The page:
Roof Framing. Remember that a flat roof isn't necessarily flat. An inclination of minimum of 1/8 inch per foot is ideal. If your locality has more rain than most, then a ¼ inch slope per foot is better. Let's say the run (total length of the roof) is 5 meters. If the rise is ¼ inch (0.06 M) per foot (0.30 M) then the total pitch for the roof length would be about 1 foot (0.30 meters). Frame the roof by using 2"x 4" or 2"x 6" joists between the two supporting walls. Insert noggins between the joists for more support.
Plywood Sheathing. Cover the framing with 5/8 inch marine plywood with a 1/8 inch gap for construction joints. This should cover the expansion and contraction of the plywood.
Clear the plywood sheathing from any debris. Any dirt or protruding nail heads or wood splinter could puncture the rubber sheathing the you intend to put on the flat roof.
Rubber Sheathing. A rubber sheathing like ethylene propylene diene monomer comes in 10-foot wide rolls. The rubber sheathing is easy to cut. Measure the finished area to be roofed and allow about 0.25 meters all around. If the roof's width is greater than 10 feet (3 meters) then overlap the rubber sheathing by at least 6 inches (0.15 meters). Lay the rubber sheathing accordingly then fold it back into half.
Glue the Rubber Sheathing. Use a paint roller to spread glue on the plywood and on the corresponding rubber sheathing. You also have an option to overlay the plywood with iso board - ½ inch thick rigid foam. If you have this option then you need to glue the ISO board to the 5/8 inch plywood first before laying the rubber sheathing on the plywood.
Glue the rubber sheathing starting at the middle of the roof to the edges. The glue bonds instantly. After letting the glue dry a bit, spread and tap the rubber sheathing over the plywood ever so gently without lifting any part to prevent wrinkling of the rubber sheathing. If there is any vent pipe protruding from the roof, cut the rubber sheathing to make a hole slightly larger than the pipe and slid the rubber over it. Add a rubber collar to the pipe and glue it over the rubber sheathing on the pipe to prevent leakage.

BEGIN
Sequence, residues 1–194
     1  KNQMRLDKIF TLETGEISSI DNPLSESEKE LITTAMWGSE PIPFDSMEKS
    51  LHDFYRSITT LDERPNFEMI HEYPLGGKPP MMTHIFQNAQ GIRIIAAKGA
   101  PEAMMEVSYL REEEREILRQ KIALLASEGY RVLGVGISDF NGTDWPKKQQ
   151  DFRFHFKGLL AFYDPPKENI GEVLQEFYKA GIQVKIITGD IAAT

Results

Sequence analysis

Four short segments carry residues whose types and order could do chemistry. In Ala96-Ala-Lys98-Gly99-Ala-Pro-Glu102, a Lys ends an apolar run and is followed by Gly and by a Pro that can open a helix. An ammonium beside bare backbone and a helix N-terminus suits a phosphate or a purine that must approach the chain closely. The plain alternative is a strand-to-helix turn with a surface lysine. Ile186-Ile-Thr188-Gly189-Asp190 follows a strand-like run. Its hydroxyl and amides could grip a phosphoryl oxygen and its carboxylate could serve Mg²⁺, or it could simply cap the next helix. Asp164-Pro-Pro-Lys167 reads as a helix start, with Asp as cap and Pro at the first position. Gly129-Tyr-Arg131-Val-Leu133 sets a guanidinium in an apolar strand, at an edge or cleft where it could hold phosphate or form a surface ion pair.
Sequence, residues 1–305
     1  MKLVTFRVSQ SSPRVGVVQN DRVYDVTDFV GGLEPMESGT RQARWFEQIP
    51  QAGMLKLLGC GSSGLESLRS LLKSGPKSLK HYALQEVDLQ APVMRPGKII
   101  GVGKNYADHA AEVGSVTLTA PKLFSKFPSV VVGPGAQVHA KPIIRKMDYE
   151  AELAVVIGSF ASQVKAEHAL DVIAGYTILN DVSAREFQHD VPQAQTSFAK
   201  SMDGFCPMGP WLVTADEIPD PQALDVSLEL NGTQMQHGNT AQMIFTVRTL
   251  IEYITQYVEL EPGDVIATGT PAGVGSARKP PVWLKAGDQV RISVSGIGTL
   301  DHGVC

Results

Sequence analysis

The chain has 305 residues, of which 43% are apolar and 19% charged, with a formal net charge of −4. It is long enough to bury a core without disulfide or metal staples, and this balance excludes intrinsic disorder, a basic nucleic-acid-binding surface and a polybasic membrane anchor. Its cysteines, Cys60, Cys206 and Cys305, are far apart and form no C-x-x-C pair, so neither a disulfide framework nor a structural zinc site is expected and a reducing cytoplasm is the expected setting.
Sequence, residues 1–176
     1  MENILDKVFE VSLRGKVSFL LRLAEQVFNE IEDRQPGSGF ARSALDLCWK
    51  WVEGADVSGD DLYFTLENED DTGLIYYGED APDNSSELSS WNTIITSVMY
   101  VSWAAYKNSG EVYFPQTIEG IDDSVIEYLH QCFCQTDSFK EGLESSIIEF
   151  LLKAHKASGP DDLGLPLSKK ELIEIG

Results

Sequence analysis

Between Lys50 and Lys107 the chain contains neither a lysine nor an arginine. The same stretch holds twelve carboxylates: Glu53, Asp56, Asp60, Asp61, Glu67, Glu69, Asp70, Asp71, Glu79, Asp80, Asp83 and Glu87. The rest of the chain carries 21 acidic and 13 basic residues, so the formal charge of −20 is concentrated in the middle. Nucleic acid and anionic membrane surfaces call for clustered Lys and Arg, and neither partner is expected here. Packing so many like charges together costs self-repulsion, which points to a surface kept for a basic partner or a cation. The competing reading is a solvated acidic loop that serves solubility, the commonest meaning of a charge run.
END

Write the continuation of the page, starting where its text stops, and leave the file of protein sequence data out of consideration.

Finishing the edges. Seal the inside corners by cutting and overlapping the rubber sheathing. Glue the corners. Screw the vertical rubber sheathing on the walls then apply tri-polymer caulk to the screws to seal them. You can opt to add a gravel stop (galvanized iron) flashing at the edges of the roof to make the roof more water tight.
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"Concern about price is a very sensitive issue but for saving maintenance cost nothing is better than product specs"
"I would just like to mention that there is not only 3 types of flat roofing there is also GRP (glass reinforced plastic)probably the most durable and versatile product on the market normaly gauranteed for as long as 40 years, very hard wearing and can be made in any colour, also looks good and stays looking nice for a very long time, a bit more expensive than felt but you realy get what you pay for with GRP "
simon rolls (ROOFTEC GRP 07547536140
"the author should keep to metric measurements. Also the 1 foot slope for a 5 metre roof has me confused. the rest of the article was helpfull. Thanks"
"Would your recommendations work with reinforced concrete flat roofs? Thank you."